Fact check: Biden wrong about McDonald's employee policy
Posted September 8, 2020 4:55 p.m. EDT
Democratic nominee Joe Biden showed sympathy for a beleaguered McDonald’s worker, but his tough words about the fast food giant got nearly every detail wrong.
At a roundtable organized by the Service Employees International Union, a single mother told Biden about her struggle to take care of her son as COVID-19 has shuttered his school, while her pay barely allows her to get by.
"I don’t get any kind of benefits," said Adriana Alvarez. "No parent who works hard and plays by the rules should have to go through what McDonald’s is putting us through."
Biden commiserated, saying McDonald’s relies on a strategy to suppress wages.
"McDonald’s is making billions of dollars, but here’s the deal," Biden said July 22. "They’ve made you all sign noncompete contracts that you cannot go across town to try to get a job at Burger King. And maybe, and I’m not saying you could, but you get 25 cents an hour more. People who are hourly workers are required to sign noncompete: ‘I will not go anywhere to any business like the one I’m in to get a raise.’"
Line employees at McDonald’s franchises don’t command high wages, but Biden was wrong about the use of noncompete contracts.
Factcheck.org found several problems with this claim. Biden campaign spokesman Micheal Gwin said that Biden was making the larger point that low-wage workers face barriers to moving to better paid work.
Mixing clauses: noncompete and no-poach
Biden said McDonald’s workers sign employment contracts with language that blocks them for working for a competing fast food chain such as Burger King.
They don’t. A noncompete agreement prevents someone from working for a competitor. That was not the case. Any McDonald’s worker who quit to work at a Burger King is free to do that.
There was a time when they faced a different hurdle. They were blocked from moving from one McDonald’s franchise to another McDonald’s franchise. That is what economists have dubbed a no-poaching clause, and it applies only among franchises within the same chain.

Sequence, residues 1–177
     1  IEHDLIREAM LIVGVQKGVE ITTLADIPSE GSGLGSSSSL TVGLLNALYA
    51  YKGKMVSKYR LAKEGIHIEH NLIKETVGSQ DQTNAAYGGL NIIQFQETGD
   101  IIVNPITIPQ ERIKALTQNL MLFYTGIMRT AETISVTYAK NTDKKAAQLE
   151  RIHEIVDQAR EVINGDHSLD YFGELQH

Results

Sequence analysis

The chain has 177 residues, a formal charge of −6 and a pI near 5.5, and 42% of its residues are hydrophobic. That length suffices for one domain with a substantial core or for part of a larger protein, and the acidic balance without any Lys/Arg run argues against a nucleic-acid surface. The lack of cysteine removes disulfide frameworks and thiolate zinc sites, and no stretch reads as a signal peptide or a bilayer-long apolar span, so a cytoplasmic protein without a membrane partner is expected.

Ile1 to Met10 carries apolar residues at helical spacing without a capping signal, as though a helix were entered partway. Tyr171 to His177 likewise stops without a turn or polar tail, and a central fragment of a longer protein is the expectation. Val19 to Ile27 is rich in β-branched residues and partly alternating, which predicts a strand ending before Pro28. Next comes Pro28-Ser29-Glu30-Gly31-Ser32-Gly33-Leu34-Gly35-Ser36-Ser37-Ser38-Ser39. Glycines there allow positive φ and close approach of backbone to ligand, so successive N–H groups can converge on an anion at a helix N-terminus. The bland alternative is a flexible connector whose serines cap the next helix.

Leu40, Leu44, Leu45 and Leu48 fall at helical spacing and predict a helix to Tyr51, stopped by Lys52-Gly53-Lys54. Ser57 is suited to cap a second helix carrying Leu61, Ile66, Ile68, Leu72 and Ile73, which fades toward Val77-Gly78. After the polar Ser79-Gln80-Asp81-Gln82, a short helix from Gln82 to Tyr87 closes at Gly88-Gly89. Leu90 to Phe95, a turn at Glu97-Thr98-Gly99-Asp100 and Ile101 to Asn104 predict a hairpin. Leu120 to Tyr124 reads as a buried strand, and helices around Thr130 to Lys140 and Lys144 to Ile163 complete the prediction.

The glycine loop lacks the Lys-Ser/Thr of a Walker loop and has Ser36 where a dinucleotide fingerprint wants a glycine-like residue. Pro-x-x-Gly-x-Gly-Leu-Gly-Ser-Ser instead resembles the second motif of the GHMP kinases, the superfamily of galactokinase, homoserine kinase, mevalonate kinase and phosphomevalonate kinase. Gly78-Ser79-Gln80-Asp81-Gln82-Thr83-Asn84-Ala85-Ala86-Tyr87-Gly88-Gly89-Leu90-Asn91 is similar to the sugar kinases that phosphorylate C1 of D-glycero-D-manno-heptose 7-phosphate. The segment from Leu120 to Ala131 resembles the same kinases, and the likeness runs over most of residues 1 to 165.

Until 2017, that was part of the agreement between the local franchise owners and McDonald’s Corp., the franchiser. The local owners could not lure workers away from each other.
The workers would never see that clause, so Biden was incorrect when he said they signed noncompete contracts.
A dated allegation
In 2017, a McDonald’s worker in Illinois sued the company because she was barred from getting a job at another McDonald’s restaurant where she would make more money. In March that year, McDonald’s announced it would no longer enforce that part of its franchise agreement and would no longer include it in future agreements.
For other chains, the change took longer.
In January 2018, the Washington state attorney general’s office began investigating the no-poach practice among a wide range of franchise companies. The investigation drew heavily on research by two Princeton University economists who found that 58% of franchise operations used this strategy and it likely kept wages down.
By July 2018, more chains had agreed to drop the practice, both in Washington state and nationally. The list included Arby’s, Cinnabon, Buffalo Wild Wings and others.
Burger King, Pizza Hut, Denny’s and five other chains signed similar agreements by September 2018.
In the October of 2019, Washington’s assistant attorney general told Congress that 155 corporate chains representing 160,000 locations nationwide had dropped the practice.
The International Franchise Association, a trade group, said in a statement that there’s no question that the "clear trend is the franchise business is moving away from the use of these no-poach contracts."
The Biden campaign said the situation with no-poach clauses has moved in the right direction, but it's hard to say that the practice no longer exists.
Biden said that McDonald’s workers sign a noncompete agreement that bars them from taking a better paying job with a competing chain. Until three years ago, McDonald’s did have a clause in its franchise agreements between the corporation and local owners that blocked them from hiring away staff from each other. McDonald’s ended that practice in March 2017, and since then, over 150 national chains have followed suit.
That practice involves a no-poach clause, not a noncompete clause, which has to do with working for a competitor. McDonald’s workers do not sign a noncompete agreement.
We rate this claim False.